I only made it back to NYC one more time and at that point, David had a tiny apartment above a Chinese restaurant that always smelled like cooking cabbage. I'd love to take Rob to the city and show it to him and let him see it for the first time like I did. Of course, I'm sure it's different now. I went in the early 90's and by 9/11, David had moved to Alabama. I never found the people in the city to be stand off-ish the way that people described them. I tried an experiment and made eye contact with and smiled at everyone I passed and they all made eye contact and smiled back. I also bought my first backpack. Everybody in the city carried a bag full of stuff and there are cabinets in all the stores for you to store them while you shop. Still have that cheap naugahyde (sp?) backpack and still use it sometimes when I'm in the mood. I always get compliments on it and there is no wear at all. Don't know how I got that lucky.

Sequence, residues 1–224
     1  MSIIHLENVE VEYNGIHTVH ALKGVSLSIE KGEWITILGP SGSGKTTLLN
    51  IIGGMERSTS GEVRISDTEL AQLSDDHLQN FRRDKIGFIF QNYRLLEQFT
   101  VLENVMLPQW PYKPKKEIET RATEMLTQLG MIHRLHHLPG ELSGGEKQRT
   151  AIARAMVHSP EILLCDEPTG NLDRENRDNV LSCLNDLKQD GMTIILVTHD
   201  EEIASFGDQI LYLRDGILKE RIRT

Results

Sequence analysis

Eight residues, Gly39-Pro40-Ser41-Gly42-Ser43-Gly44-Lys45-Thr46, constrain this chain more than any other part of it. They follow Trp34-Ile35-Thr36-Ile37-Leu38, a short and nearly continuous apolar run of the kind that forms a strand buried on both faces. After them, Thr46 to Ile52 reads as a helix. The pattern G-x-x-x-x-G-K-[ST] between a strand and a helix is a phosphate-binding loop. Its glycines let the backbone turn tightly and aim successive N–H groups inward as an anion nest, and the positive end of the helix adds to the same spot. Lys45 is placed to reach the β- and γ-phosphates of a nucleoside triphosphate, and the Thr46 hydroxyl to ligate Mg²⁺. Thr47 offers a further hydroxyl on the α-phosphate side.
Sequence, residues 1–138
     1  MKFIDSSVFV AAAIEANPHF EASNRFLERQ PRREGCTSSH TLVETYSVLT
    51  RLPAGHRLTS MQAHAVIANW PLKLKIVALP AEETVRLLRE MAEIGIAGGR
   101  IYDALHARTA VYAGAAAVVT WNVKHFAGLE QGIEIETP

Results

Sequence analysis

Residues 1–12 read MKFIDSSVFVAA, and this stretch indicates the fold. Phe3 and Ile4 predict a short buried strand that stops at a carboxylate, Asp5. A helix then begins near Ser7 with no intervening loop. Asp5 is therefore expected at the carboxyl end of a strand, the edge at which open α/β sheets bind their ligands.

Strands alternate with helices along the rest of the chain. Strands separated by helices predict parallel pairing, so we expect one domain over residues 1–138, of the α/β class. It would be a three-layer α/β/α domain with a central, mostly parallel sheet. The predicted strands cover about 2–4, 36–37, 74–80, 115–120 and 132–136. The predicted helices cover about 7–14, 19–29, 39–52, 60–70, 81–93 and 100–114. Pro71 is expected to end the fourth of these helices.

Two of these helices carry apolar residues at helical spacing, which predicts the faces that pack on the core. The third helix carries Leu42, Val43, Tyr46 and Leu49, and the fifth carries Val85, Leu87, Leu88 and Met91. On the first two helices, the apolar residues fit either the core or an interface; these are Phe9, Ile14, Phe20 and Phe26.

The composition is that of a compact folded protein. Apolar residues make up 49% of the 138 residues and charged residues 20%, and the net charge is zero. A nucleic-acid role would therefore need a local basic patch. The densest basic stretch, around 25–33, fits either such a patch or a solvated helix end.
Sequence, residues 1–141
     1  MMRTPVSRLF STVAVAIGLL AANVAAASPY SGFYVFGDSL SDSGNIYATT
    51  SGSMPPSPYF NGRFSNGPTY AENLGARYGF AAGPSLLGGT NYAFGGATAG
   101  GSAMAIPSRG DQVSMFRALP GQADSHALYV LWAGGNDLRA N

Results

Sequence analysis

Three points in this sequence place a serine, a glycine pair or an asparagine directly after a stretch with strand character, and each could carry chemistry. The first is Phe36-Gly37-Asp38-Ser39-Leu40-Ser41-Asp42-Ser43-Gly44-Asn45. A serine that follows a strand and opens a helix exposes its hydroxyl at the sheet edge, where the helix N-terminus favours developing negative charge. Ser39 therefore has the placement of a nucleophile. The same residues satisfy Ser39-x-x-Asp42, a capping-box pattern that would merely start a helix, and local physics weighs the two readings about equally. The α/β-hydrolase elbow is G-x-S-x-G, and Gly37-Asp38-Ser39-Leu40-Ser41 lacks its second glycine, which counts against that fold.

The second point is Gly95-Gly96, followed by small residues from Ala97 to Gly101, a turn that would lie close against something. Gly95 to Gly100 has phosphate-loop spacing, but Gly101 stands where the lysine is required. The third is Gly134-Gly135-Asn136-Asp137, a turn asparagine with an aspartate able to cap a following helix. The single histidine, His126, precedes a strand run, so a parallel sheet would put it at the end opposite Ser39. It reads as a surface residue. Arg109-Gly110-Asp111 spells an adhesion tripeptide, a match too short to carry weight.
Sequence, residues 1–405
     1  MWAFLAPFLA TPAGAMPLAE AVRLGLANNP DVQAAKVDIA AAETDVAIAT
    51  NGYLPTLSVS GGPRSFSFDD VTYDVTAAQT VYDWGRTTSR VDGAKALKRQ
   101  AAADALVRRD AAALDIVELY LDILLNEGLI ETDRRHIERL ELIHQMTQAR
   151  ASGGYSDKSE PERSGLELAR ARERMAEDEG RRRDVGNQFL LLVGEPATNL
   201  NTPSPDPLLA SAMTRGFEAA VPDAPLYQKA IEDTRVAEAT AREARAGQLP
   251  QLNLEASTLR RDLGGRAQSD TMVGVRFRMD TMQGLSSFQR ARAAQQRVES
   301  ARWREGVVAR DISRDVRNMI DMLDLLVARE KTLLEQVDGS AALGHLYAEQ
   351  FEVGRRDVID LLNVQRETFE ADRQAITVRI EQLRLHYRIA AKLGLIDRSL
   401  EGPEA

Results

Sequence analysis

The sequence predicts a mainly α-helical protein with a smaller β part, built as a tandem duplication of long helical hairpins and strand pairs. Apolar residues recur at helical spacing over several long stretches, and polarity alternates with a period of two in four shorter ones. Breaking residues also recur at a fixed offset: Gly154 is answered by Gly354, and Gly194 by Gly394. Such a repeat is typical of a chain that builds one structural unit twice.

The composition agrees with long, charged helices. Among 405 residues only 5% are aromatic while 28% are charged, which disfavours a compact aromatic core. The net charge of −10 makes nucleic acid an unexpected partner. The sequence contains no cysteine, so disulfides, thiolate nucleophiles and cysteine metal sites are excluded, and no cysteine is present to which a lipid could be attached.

So, that's it for today's Way Back Wednesday and that's it for my posts about David. Rob says we all needed some closure from these posts and I wanted to end on a happy memory. I don't think I was very fair to him on Monday. I only shared the bad stuff, but there was so much fun stuff to that I wanted to share it with you as well. And, this is one of the happiest memories of my life. A memory from the carefree days when I was young and invincible and nothing could hurt me.
I've left you guys hanging on Sydney's friday fest from last week. She had a blast at the waterpark and came back with sunburned cheeks and huge hair from it drying in the wind on the bus ride. We met the bus at the school to take her backpack. I brought fresh underwear in case she'd forgotten. And, Rob brought her a pair of converse shoes that he had designed and had made specially for her with her name on them. She dumped her stuff, changed her shoes and was headed to the dance without even a la-di-dah for us, until I made her come back and give a hug. She enjoyed the dance and when it was over, there we were again to pick her up. Exhausted. She did get to sleep late on Sunday and because I wanted time alone, she didn't have to do all those pesky chores I had planned for her.
This is what it's like to be a parent. Being there. Being inconvenienced. Being unthanked. This is what it's like to be part of a parenting team. This is what it's like to be in a good, strong relationship.
This is our life. Filled with our choices. The good ones, the bad ones and the rediculously funny ones.